Recently though, I've had the itch to go back to work full-time.  Somedays its just hard being a stay at home parent and I lose that instinctual battle of "I am the man of the house, I need to be contributing financially."  Today and yesterday, though, I am happy in the moment.  My wife and a good friend of ours have both mentioned to me about being happy in the moment.  I am happy and grateful.  I remember telling my father, when I was in high school, that I would like to retire when I'm thirty.  Well, I retired when I was thirty.  I'm not living off an annuity coming out of the vast fortunes that I made in my twenties, but I'm retired and happy.  My wife, the Lord, and the choices in my life have given me the rare chance to be at home for a year with my daughter.  I have learned much grace from her, much love from her, and much peace from her.  I am a better man as a result.  I'm not completely emotionally crippled anymore, like most men in our society.  The choice to be a stay at home father, while initially pragmatic, has become the most important decision I have made in my life after my faith/decision to follow God, and marrying my wife.  Sometimes I struggle internally with the desire to return to work, figuring out what my next career move will be, or just wanting a change of scenery, but....

Every morning I am awakened at least an hour before I want to be awake by some babbling, maybe and thump or two, and always a "Hah Dah! with a hand in the air, a laugh, some bouncing, and a good hug...then after a few chugs of some milk, the best conversation I could hope for the whole day.  So there you have it, my 3 followers and any other random perusers. I am a professional stay at home dad.  It was by choice.  It is still by choice.  I wouldn't change it and you may not know it, but you are jealous of it.

Shalom, Grace, and God Bless.
J.Rat.

And can any of you by worrying add a single hour to your span of life? Matthew 6:27 (NRSV).

Thursday, August 12, 2010

The Death of the Bookstore.

Ok, this one may not have a Spiritual bend to it, but hey, it's in my head and now on the screen, so here we go!  So, tonight is "girls' night" at our house, which I don't mind.  They feel that our place is so relaxing that they would rather come here than go anywhere else...that is the atmosphere Candice and I want in our home.  Warm and inviting to our friends, a sanctuary in the midst of chaos.  Wow, once again, I digress.  Back on track.  My wife kicked me out for a little while and I wander trying to figure out where to go...(I'm a stay at home father now for approximately one year, so I feel lost when I'm heading out not to buy groceries, nor with Stinky Pete in tow.)  Naturally, I head over to the bookstore.  I hit up Barnes and Noble.  I walk in and right in front of me is this impressive display for their e-reader:  The Nook.  If I'm honest with myself and you, I think it's pretty cool.  To be fair Amazon's Kindle is pretty cool too.  Yet, I just don't want to see the bookstore go away.  I read recently where Barnes and Noble is for sale.  Borders is struggling, has been struggling.  Shuttering Waldenbooks stores right and left and other small bookstores.  (No link too many references, just google it.)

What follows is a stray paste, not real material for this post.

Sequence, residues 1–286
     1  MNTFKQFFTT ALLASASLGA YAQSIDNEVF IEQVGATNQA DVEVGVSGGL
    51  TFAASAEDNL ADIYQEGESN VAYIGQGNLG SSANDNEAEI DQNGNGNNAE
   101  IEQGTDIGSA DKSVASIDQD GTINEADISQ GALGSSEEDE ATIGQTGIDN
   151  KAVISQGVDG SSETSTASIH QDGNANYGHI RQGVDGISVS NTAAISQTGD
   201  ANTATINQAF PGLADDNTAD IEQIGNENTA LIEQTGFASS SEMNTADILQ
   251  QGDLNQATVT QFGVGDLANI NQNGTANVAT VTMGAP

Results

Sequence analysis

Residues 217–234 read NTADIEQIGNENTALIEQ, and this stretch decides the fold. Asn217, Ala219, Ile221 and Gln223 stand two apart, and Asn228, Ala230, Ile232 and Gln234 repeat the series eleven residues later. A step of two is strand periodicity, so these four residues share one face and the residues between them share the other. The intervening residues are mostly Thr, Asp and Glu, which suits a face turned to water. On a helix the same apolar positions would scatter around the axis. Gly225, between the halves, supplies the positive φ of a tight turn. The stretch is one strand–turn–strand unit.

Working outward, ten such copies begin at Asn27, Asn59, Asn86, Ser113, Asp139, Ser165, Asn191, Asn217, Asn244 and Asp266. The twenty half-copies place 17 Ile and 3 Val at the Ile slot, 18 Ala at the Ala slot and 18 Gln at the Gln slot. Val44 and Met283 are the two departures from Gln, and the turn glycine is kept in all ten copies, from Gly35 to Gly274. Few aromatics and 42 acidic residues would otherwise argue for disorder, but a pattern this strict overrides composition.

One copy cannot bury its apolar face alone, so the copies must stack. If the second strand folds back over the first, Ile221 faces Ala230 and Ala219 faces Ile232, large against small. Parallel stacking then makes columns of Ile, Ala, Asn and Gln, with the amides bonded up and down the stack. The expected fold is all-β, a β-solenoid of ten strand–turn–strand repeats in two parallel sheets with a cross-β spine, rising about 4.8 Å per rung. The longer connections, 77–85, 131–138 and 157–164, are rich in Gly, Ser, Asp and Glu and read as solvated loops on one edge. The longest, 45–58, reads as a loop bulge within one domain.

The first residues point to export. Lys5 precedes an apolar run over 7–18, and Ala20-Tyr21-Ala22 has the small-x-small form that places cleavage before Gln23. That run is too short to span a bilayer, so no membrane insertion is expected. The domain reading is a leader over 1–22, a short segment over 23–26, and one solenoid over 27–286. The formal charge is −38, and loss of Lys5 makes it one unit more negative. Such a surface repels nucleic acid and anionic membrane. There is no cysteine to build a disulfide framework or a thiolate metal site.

So, to me, it looks like bookstores are slowly dying.  I love gadgets like the Nook, the Kindle, I even now have an Iphone...given to me by a friend.  I love stuff like this, but I don't want the bookstore to go away.  There's something to walking into a large store with millions and millions of printed word on paper.  Conversations related to watcha reading?  Oooh, what did you think of this book.  Instead of conversations related to, how many books do you have on that thing?  Does the screen hurt your eyes after a while?  How many gigs of data is stored on there?  I prefer the feel of a text in my hands instead of a screen.  Yet I can see the up-side to having a Nook or Kindle, once the majority of books are available.  I believe, I would have rather bought one of these bad-boys in the days of Div. School and had every single textbook I needed in one device.  That would have been friggin' awesome!  On the other hand I do like my rows and rows of texts in the spare room.  I don't know.  I guess in the end there are some books I would prefer to have on an e-reader and some I would want in paper form.